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Elements, pressure no deterrent for Ronjan

What the gigantic Indian shooting contingent couldn't achieve, Ronjan Sodhi accomplished in the most professional manner by clinching gold in one of the toughest disciplines in Asian Games' competition -- double-trap. Ajai Masand reports.

other Updated: Nov 22, 2010 02:41 IST
Ajai Masand

What the gigantic Indian shooting contingent couldn't achieve, Ronjan Sodhi accomplished in the most professional manner by clinching gold in one of the toughest disciplines in Asian Games' competition — double-trap.

An overcast sky, dropping visibility and dipping temperatures are not the ideal conditions, but the seasoned marksman, whose amazing run started in 2008 when he clinched his first World Cup gold at Belgrade in 2008 and then added another in Lonatao (Italy) this year, overcame the hurdles and much more to come out triumphant in a field that had the likes of United Arab Emirates' Sheikh Al-Makhtoum and China's top-shot Pan Qiang. In fact, Qiang, who knows the scenic range like the back of his hand, was the one who felt the heat on Sunday.

Going into the final four points behind Qiang (143), Ronjan (139) had to calm his nerves and wait for his opponent to make mistakes.

Luck was on Ronjan's side and the “pressure that India had not bagged even a single gold in shooting” was the driving factor. And the ‘driver’ was his Perazzi gun. It’s rare to even make up a two-three point lead, a four-point lead is like climbing the Everest.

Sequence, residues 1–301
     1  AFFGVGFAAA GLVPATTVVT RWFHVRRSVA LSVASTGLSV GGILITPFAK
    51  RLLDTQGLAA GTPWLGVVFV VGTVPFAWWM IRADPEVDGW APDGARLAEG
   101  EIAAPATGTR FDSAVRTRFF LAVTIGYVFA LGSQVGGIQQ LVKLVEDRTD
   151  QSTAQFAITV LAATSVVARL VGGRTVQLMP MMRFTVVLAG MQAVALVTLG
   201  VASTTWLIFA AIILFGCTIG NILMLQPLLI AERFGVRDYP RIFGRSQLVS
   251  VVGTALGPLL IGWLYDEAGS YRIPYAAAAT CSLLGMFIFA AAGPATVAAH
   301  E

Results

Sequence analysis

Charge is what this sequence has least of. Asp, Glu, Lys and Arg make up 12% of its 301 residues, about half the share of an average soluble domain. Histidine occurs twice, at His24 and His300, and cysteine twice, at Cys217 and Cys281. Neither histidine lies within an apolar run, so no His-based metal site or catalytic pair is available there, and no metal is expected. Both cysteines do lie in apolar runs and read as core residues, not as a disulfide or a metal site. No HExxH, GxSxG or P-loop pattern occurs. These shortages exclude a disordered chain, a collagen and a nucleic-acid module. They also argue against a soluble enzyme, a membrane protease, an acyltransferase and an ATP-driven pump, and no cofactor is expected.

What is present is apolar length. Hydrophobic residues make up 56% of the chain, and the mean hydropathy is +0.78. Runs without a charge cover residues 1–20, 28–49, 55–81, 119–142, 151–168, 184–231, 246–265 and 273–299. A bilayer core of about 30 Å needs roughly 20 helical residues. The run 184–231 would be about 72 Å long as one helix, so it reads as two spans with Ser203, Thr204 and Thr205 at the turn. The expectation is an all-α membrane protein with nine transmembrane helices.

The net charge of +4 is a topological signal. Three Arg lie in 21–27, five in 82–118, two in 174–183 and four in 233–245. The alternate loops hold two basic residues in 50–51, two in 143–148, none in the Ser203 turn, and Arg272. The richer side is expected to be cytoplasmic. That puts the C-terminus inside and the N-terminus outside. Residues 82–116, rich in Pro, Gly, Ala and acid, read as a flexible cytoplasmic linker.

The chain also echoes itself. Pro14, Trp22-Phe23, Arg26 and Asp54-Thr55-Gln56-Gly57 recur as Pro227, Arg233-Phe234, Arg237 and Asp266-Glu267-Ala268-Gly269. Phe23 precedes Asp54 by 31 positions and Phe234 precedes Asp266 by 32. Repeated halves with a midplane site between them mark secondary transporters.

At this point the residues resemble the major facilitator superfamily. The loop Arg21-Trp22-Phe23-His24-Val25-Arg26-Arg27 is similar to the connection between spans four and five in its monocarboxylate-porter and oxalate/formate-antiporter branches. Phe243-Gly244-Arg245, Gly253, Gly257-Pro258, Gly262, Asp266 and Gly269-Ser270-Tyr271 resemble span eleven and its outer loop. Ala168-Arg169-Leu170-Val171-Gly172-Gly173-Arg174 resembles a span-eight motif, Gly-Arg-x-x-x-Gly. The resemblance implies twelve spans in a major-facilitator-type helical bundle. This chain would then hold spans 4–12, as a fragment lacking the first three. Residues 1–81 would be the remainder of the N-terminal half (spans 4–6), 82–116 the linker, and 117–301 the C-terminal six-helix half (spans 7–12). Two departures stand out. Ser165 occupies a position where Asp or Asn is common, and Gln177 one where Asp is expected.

Here, Ronjan was assisted not only by his determination to win, but also by the self-destructive ways of Qiang who shot a pathetic 38/50 in the finals. He dropped four positions to come fifth.

On Sunday Ronjan was a picture of poise as he dropped just three birds in the finals to total 47/50. His aggregate of 186 (139+47) was enough to put him on the top, though a score like this in an international competition is not even good for a 10th position.

It had to do with the weather. Sighting birds in overcast and slightly foggy conditions is a shotgun shooter's nightmare. But Ronjan was determined to turn this disadvantage to his advantage. Even Qiang, who entered the final after shooting a world-class 143, fell victim to the elements.

Starting the day with a 47/50 in the first series, Ronjan, whose latest achievements have been a gold at the elite World Cup Finals in Turkey and a silver medal at the Commonwealth Games, slipped badly in the second series, shooting a modest 44/50. But a 48 in the last series, which decides the finalists, saw him jump from nowhere to second position. Even as hope faded, Ronjan pulled a rabbit out of the hat in the final, firing a 47 to cover the four-point lead to emerge winner.

Earlier, teaming up with the young Asher Gusti Noria and Vikram Bhatnagar, the double-trap team also clinched bronze with a score of 403. Ronjan Sodhi’s past performances